Your criticism of University of Toledo President Lloyd Jacobs for withdrawing from a transfer agreement with two area abortion clinics is simple-minded and biased (“Double-talk,” editorial, April 25).
If the UT Medical Center never had this agreement, and declined to enter into it in the first place, would Dr. Jacobs be subject to criticism? I doubt it.
Dr. Jacobs is effectively re-establishing the neutrality that is appropriate for his institution. Who this neutrality happens to please or upset is irrelevant.
Certain individuals are upset because the existing lack of neutrality — which Dr. Jacobs is correcting — benefited them. It is The Blade that is taking sides in the pro-life/pro-choice controversy.
Neutral on abortion; what about ROTC?
Dr. Jacobs’ decision to cancel an agreement with local abortion clinics makes it appear that university neutrality in controversial issues is an important value to him. Congratulations to Dr. Jacobs.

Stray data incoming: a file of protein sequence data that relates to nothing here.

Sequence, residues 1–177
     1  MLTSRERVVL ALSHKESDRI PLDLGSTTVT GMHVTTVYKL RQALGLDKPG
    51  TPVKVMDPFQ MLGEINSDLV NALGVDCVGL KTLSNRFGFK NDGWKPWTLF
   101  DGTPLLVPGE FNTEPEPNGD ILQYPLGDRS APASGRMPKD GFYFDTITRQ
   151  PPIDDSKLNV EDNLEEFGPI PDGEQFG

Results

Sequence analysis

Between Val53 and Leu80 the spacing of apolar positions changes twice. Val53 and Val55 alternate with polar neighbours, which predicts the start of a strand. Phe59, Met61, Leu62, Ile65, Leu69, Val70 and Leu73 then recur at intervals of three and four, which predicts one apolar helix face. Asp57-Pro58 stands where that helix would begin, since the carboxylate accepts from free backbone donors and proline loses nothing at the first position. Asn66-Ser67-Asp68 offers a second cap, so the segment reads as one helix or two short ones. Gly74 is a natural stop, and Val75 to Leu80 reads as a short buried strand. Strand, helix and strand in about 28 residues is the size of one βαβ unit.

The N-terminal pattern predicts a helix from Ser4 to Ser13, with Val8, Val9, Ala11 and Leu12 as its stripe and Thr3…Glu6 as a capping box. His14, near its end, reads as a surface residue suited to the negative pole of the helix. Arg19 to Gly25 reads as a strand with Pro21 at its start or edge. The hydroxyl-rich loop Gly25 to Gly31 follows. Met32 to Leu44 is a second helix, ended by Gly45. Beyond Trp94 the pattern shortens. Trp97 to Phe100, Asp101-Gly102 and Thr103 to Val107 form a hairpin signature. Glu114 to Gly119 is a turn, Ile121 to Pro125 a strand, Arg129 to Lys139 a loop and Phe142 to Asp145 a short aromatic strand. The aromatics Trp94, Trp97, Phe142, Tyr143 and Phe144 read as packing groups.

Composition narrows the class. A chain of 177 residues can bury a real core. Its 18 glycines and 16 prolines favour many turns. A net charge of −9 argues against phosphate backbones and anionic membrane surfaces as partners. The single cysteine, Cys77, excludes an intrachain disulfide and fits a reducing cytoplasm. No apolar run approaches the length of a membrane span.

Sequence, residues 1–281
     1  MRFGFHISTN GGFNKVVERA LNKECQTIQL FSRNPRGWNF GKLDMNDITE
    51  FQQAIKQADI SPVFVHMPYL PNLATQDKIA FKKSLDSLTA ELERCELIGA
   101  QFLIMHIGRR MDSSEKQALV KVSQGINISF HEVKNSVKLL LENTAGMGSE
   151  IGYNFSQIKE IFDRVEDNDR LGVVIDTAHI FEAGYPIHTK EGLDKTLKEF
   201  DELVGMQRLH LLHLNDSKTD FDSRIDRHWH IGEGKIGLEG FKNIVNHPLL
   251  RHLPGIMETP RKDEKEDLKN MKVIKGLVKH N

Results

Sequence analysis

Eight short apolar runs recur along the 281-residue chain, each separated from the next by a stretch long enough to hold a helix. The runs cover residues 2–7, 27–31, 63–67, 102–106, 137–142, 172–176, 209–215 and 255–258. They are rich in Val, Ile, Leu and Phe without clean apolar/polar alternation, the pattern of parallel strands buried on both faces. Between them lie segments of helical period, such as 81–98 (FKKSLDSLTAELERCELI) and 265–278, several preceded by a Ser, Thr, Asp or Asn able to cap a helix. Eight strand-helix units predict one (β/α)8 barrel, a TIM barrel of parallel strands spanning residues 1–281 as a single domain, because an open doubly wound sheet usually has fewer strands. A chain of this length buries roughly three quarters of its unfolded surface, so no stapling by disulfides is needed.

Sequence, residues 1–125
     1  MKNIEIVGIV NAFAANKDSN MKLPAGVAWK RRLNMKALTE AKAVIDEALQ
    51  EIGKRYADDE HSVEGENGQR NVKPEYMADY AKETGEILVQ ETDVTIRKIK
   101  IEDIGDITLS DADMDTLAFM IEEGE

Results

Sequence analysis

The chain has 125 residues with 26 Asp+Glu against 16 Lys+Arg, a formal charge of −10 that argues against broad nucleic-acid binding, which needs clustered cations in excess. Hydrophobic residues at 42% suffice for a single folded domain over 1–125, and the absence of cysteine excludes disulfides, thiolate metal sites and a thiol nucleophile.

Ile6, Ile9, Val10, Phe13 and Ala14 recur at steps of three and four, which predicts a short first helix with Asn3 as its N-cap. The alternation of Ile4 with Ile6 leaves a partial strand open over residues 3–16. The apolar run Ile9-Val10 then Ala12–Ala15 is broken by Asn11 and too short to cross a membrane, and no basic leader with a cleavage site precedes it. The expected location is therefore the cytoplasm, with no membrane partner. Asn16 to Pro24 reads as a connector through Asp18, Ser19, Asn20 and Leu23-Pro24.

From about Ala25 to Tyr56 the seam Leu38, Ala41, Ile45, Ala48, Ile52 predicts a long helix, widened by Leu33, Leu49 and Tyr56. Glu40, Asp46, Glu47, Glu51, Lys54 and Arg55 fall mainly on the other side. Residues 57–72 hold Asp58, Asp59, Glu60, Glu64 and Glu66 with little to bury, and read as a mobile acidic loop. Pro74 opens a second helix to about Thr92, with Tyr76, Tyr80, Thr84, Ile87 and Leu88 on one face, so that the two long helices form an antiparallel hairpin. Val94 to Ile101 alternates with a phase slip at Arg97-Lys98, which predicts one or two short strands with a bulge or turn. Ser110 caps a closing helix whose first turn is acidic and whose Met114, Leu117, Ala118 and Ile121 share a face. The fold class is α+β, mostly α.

Now, when can we expect the Army Reserve Officers Training Corps program at UT to be canceled?
Health care at fault for stress
There is a clever though somewhat annoying local TV commercial in which a doctor wags his finger and scolds us to avoid junk food and choose a stress-free lifestyle. Out here in my demographic, it isn’t that simple.
Because financial struggles cause me the most concern and loss of sleep, the stress that I have no control over in my life comes from the cost of my family’s health care.
Hospitals that were once mainly institutional healing centers with medical specialists seem to have become ostentatious profit centers with marketing specialists maximizing their income potential. And I’m helping to pay for this?
It is ironic that those who are supposed to keep me well are causing the most stress in my life.
And while I have a health maintenance organization in the event of a catastrophe, if it ever seems that I might need more critical care, I can’t say I won’t choose denial only to avoid financial anxiety.
Sidewalks clear, but folks in street
After every winter storm, Toledo residents are reminded that they have 24 hours to clear their sidewalks or they could be fined.
Spring has arrived, temperatures are up, sidewalks are clear, and people are still walking down the middle of the street.
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